If you’re one of the millions of Americans who lost income due to the pandemic, you’re probably looking for ways to cut costs and lower your monthly spending. Internet is a big expense for most families, costing up to $100 per month on average. Whether you have Verizon, MetroNet Internet, GotW3, AT&T, Spectrum, or any provider, Here are five tips that can help you reduce your internet bill and keep more money in your pocket.
1. Buy your own router
An easy way to shave a couple bucks off your monthly cable bill is to buy your own router.
Most cable companies charge customers $5 to $10 per month just to rent a router, which is a pretty bad deal considering it only costs about $50 to purchase one outright. Just make sure the router you buy is compatible with your internet service provider so you don’t get stuck with a device you can’t use.
2. Cut the cord or bundle and save
Another way to save big on your internet bill is to cancel your cable subscription. Expanded basic packages cost nearly $65 per month, so you could save hundreds of dollars every year just by getting rid of cable.
Giving up your cable plan doesn’t mean you have to go without TV. You can use an antenna to watch the news and your favorite primetime shows. If you want access to premium content, you can get a Hulu or Netflix subscription for a fraction of what you were paying for cable.
Not ready to cut the cord just yet? You can still save about $15 per month by bundling your internet and cable with the same service provider.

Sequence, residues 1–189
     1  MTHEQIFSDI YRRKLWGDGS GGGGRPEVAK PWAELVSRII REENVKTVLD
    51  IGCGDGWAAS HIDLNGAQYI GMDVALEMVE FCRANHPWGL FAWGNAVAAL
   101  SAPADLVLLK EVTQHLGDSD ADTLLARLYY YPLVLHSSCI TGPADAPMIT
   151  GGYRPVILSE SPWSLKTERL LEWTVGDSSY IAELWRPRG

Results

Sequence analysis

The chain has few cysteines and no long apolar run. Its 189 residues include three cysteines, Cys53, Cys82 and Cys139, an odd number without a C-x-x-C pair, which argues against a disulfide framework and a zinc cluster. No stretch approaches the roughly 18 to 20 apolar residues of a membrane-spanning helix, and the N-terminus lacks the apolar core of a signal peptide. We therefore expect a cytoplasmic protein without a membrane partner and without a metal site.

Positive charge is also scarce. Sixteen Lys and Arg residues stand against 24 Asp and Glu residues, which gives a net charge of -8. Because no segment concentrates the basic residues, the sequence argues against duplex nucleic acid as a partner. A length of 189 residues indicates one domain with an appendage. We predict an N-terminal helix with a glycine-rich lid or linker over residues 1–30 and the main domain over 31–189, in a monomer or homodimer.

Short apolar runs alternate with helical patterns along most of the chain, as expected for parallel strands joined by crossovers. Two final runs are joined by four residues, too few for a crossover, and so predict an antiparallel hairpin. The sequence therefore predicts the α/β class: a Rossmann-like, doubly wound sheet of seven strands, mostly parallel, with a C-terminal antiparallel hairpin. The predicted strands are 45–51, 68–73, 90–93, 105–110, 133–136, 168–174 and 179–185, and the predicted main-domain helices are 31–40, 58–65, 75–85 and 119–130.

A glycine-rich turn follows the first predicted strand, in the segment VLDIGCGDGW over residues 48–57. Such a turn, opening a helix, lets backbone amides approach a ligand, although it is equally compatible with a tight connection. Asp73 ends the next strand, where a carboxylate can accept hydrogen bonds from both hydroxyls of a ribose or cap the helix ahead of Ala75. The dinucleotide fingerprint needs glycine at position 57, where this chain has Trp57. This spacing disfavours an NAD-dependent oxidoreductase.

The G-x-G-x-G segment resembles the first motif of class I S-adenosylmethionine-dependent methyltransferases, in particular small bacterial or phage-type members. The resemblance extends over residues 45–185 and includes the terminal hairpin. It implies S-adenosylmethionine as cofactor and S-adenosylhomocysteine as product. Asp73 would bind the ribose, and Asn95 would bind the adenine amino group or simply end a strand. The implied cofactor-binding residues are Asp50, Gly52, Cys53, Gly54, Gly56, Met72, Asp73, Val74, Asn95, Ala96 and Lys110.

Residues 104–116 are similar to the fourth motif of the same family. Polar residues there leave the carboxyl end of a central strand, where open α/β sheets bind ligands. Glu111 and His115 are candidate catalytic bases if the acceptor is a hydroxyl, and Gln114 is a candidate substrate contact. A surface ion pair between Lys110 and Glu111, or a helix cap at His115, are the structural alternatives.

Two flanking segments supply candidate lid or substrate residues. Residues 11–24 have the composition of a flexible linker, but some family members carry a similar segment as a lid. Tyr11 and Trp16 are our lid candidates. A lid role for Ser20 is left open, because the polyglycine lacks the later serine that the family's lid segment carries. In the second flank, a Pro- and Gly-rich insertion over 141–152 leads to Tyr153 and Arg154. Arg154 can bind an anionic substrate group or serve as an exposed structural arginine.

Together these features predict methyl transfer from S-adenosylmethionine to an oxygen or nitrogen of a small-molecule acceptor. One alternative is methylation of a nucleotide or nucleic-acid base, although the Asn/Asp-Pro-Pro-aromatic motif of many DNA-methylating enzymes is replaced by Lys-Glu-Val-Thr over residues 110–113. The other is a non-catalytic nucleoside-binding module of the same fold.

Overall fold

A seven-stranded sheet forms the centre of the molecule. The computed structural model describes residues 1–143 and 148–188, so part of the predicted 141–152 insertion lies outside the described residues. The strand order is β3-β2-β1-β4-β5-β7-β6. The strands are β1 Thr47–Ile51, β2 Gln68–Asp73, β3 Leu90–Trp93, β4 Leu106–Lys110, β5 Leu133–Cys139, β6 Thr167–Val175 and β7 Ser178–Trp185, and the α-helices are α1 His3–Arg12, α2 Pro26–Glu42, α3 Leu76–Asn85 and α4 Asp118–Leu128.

3. Negotiate your bill
Billshark estimates that Americans could save $50 billion per year by negotiating their internet, cable, and phone bills. But if you want to get a discount, you’ll need a littleleverage. Research competitors in your area to see what rates and promotions they’re offering. If your provider doesn’t match their rates, you can threaten to switch.
Another negotiation tactic is to mention issues that you’ve had with your service, such as your internet speeds falling short of what the company advertised. You can check your internet speed by going to speedtest.net.
If you don’t feel comfortable haggling or don’t have the time to wait on hold for customer service, you can hire someone else to negotiate your bill for you. Companies like BillCutterz will try to get you a discount and charge you a portion of the savings if they’re successful.
4. See if you qualify for subsidies
If your income is low enough, you may qualify for subsidies that will get you a more affordable internet connection. An FCC program called Lifeline provides a subsidy of at least $9.25 per month that you can put toward your phone or internet bill. To be eligible for the program, your household income must be 135% or less than the federal poverty guidelines for your state.
To learn more about Lifeline and other similar programs, visit EveryoneOn.org.
5. Downgrade your plan
Unless you like to stream Ultra HD TV, you probably don’t need the highest speed plan your provider offers. Try downgrading to a cheaper plan with lower speeds for a month and see if it works for your family.
Internet can cost $100 or more per month and be a big drain on your monthly budget. But with these tips, you should be able to lower your bill so you have a little more financial breathing room.